If Thursday's win over the Bruins is any indicator, then the Card could be on their way to a very solid conference season - Johnny Dawkins' best. But it's a long haul, and anything can happen.
line? One down, 17 to go.
Number two, on paper, looks easy. Eleven-win and
two-loss Stanford against 5-9 USC - should be an easy one,
Stanford, and everyone else in the conference, knows that
the Trojans are probably the best 5-9 team in the country. Not that USC is a
great team - they aren't - but they will not go down easy. They just might be the
toughest out in the conference. Why is that?
They defend…better than
anyone in the Pac. Stanford's 57.8 points per game allowed is second only to -
you guessed it - Watts' Finest. They won't turn a team over an insane amount, but
they are just so sound guarding the opponent. When the Trojans are at their best
defensively, they will force the other side to waste 25-30 seconds before being
able to getting into any semblance of an offense, which results in rushed shots
and bad decisions. It's just good ole Kevin O'Neill basketball, baby.
which I am probably part of just a handful of people that are fans.
or hate him, Kevin O'Neill gets his teams to compete. He may not make a lot of
friends doing so, but he always gets his guys to defend at the highest
level. His boys held the Golden Bears to almost 20 points below their
season average in their 53-49 defeat in Berkeley on Thursday despite being
sliced and diced with post entry passes in the early going and giving up 17
points in the first seven minutes.
New Mexico averages 74 points per
contest. Against USC, they reached 44. San Diego State averages 75, scored 56.
UNLV - 81 and 66, respectively. So you can see, their performance against Cal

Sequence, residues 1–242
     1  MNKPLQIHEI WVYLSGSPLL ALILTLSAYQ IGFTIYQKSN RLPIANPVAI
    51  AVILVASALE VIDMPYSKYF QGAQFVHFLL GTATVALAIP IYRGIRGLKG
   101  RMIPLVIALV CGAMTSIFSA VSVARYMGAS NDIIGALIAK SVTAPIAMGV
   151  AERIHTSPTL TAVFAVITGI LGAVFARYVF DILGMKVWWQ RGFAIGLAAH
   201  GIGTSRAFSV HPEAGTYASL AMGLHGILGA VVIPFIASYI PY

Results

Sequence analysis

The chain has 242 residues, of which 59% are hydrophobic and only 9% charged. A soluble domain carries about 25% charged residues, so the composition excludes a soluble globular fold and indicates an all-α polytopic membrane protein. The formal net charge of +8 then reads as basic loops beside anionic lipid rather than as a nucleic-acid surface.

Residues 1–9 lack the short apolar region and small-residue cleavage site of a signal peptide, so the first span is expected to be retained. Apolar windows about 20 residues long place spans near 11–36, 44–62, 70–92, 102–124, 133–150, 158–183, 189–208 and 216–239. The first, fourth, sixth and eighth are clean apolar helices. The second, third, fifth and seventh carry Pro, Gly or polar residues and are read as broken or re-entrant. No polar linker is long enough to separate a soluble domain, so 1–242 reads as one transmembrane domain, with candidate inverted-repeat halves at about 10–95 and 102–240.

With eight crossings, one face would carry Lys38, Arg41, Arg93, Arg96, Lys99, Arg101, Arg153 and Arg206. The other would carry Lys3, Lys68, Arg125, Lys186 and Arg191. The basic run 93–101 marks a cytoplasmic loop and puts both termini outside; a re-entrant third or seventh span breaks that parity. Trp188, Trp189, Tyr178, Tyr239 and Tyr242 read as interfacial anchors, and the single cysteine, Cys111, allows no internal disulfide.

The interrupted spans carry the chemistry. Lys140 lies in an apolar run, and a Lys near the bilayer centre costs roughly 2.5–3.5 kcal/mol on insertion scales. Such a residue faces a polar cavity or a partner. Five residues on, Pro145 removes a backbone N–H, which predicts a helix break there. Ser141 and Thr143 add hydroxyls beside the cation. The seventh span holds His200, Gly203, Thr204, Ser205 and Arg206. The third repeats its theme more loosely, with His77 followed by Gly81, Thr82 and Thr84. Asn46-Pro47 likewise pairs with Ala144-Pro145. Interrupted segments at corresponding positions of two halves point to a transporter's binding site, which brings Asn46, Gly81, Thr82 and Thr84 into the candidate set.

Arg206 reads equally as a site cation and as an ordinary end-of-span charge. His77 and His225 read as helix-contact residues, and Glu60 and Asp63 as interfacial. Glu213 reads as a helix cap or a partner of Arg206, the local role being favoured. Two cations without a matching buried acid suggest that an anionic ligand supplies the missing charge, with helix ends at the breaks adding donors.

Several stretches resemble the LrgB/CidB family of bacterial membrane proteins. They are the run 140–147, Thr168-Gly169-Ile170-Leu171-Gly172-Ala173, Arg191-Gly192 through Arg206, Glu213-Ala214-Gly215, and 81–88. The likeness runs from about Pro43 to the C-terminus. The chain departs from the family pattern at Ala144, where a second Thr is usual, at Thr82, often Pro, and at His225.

wasn't a one-off. In fact, that 66 spot put up by the Runnin' Rebels was the
most anyone has scored against USC all year.
If only the Trojans themselves
could score, this team would be really scary.
But they can't - not from the
field (41 percent), not from three (32 percent) and CERTAINLY not from the
charity stripe (60 percent).
And that's their downfall. Had they been able to
score 43 points against Cal Poly, they would have beaten the Big West Mustangs.
They didn't, only putting up 36. If only they scored more than 13 in the first
half against Kansas and 15 in the opening 20 against New Mexico, the Trojans
could have taken down the Jayhawks and Lobos. No could do.
That's not to say
that there aren't a couple of guys Stanford will need to keep a close eye on in
the Trojan corps.
Take Maurice Jones for starters, who I guess is the new
Mo-Mo Jones of the conference, if you watched the Cal-USC Comcast broadcast last
night. I thought he went by just Mo Jones.
Regardless of what he is called,
Jones is by far their scariest player on the offensive end with Jio Fontan out
for the season before it even started. If Mauricejonesism was a noun, its
dictionary definition would be "the ability to make tough shots."
the F-Gs he converts are unreal, and he was in all his glory in the second half